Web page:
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Government Websites Still Unprepared for Traffic Surges

When the rush for unemployment insurance crashed government websites in 2020, we learned how to navigate traffic surges in a crisis. So why weren’t sites prepared to handle vaccine appointments?

Worker directs cars waiting for COVID-19 vaccine
Shutterstock/Ringo Chiu
At the start of the COVID-19 pandemic last year, over half of state unemployment websites experienced significant outages as nearly 22 million Americans filed for unemployment benefits in the span of a few weeks. At the time, part of the explanation for these outages was that many state government agencies had simply never anticipated receiving such a high volume of traffic. Others noted that they were still running outdated systems and had not yet migrated to the cloud. But a year later, many state and local government agencies are back in the exact same position, as numerous government websites have crashed as residents flocked online to make vaccination appointments.

These problems have been seen across the nation and have continued for months. In January, multiple Florida county government websites — including those in Broward, Pinellas and Hillsborough — crashed as older adults went online to try to book appointments for the first available vaccines. In February, the Massachusetts state scheduling website crashed the week that people age 65 and older became eligible for the vaccine. And in March, the Cook County, Ill., vaccine registration website crashed after they made vaccines available to residents with certain underlying health conditions. During its peak, the website received half a million requests per second, according to officials.

Part of the problem was that in the absence of an effective federal solution to the vaccine scheduling problem, each state or local government health agency had to develop its own solution. The result was significant confusion for the average individual because there was no single website where they could go to register for a vaccine appointment or get on the list for an appointment. The confusion was particularly acute in some states, like New Jersey, where there was no statewide solution and different counties, municipalities and health-care systems each offered their own separate scheduling platforms.

Another problem was that many states, including California, Colorado, Maryland, Pennsylvania, Virginia and Washington, opted to use the same ill-prepared vendor for their online vaccine scheduling system. The software maker — a self-described “tiny little nonprofit” which had originally created software to streamline flu vaccine consent forms in schools in Maryland — was insufficiently prepared to manage and support a national vaccination effort. The vendor blamed “a sudden and unprecedented surge in traffic to the site,” a flimsy excuse given the anticipated high demand for vaccinations among Americans. Local health officials in California blamed these software glitches for some of the delays in rolling out the vaccine in the state.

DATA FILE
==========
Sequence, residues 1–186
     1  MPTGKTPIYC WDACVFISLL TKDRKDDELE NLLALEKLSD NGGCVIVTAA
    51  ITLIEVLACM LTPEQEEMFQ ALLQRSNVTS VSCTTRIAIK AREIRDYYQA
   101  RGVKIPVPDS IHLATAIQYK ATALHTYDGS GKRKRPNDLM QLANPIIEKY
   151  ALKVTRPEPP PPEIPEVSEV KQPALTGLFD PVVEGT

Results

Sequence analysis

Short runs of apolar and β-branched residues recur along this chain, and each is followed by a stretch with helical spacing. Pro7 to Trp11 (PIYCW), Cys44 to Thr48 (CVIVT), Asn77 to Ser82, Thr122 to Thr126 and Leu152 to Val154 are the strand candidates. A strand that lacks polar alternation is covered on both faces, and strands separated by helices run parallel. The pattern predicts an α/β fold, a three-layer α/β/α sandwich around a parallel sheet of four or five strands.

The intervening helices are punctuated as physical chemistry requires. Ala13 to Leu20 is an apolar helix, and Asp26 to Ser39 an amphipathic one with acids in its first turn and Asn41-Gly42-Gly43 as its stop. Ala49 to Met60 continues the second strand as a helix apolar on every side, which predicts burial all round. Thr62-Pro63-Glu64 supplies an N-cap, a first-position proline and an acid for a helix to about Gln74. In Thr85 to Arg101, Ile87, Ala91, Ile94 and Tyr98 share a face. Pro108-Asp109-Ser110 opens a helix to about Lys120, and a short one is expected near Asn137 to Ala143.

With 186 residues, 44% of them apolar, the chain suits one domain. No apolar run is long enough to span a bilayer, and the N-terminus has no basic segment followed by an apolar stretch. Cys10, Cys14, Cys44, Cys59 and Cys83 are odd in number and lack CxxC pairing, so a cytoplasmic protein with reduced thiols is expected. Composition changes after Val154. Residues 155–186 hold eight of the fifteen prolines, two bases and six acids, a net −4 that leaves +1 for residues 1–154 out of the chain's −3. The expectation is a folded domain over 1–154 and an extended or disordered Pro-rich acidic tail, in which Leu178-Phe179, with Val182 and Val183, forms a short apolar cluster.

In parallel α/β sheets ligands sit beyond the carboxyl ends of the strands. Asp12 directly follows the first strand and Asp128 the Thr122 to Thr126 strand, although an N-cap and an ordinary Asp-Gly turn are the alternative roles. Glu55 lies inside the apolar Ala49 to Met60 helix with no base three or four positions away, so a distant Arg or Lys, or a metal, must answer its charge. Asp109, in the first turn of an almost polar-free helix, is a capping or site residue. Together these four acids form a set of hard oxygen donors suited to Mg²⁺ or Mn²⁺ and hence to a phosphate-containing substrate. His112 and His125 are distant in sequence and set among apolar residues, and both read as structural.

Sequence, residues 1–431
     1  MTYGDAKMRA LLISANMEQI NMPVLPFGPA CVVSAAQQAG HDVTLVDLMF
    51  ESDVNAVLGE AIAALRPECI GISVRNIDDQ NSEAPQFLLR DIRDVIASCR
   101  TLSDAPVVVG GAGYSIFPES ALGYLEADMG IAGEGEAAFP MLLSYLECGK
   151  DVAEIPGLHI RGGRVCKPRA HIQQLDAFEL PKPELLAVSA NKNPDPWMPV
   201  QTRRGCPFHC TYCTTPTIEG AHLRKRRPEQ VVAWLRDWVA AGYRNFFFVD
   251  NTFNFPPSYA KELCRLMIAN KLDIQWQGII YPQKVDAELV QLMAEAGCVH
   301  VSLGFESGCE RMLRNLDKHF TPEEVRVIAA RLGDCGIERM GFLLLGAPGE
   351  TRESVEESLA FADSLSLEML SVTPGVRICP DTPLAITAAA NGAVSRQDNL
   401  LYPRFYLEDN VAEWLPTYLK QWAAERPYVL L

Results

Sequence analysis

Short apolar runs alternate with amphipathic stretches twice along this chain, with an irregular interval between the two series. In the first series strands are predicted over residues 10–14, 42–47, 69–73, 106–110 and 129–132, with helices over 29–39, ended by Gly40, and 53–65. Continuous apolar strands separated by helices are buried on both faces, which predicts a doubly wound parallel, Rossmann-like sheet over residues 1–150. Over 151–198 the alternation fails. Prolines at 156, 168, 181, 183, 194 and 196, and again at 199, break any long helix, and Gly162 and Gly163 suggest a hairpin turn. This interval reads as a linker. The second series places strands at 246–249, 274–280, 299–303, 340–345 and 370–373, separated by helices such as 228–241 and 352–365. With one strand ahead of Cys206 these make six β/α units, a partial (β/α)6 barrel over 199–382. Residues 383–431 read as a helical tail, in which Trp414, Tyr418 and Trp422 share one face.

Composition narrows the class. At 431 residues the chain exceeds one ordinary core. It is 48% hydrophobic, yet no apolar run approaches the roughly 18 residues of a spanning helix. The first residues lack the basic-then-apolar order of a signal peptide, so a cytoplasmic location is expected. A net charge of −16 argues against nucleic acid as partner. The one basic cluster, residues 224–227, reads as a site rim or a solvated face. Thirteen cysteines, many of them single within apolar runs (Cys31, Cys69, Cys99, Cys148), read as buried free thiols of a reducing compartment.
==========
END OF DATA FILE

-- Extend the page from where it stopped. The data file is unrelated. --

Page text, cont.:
Indeed, one of the few places where individuals have been able to reliably go online and schedule a vaccine appointment is not with these government websites but with one of the national pharmacies, such as Walmart, CVS and RiteAid, participating in the vaccine rollout. For example, as of April 1, CVS had administered 10 million COVID-19 vaccine doses across 2,000 stores in 44 states, and Walmart was administering vaccines in 3,800 locations across the United States.

A key element to their successful vaccine appointment websites has not just been sufficient server and staffing capacity, but also good design. Indeed, most businesses understand that having user-friendly interfaces and strong back ends are critical to their operational success. CVS, for example, has made several design updates to its website to make it easier for customers to schedule a vaccination appointment. On the CVS website, customers see information about who is eligible for the vaccine, which stores are offering shots, whether any appointments are available and when the information was last updated. In contrast, in Massachusetts, residents seeking a vaccination had to first fill out pages of personal information before they could even see available appointment times, leading to many frustrated users who had to continue repeatedly entering the same information every time the website crashed or they wanted to check again for an available slot.

It is almost certain that there will be future unprecedented events that generate similar surges. From building more scalable, cloud-based websites, to selecting more qualified private-sector partners, to using better design, there are many lessons that government agencies can learn from these failures to prepare for future challenges.
Daniel Castro is the vice president of the Information Technology and Innovation Foundation (ITIF) and director of the Center for Data Innovation. Before joining ITIF, he worked at the Government Accountability Office where he audited IT security and management controls.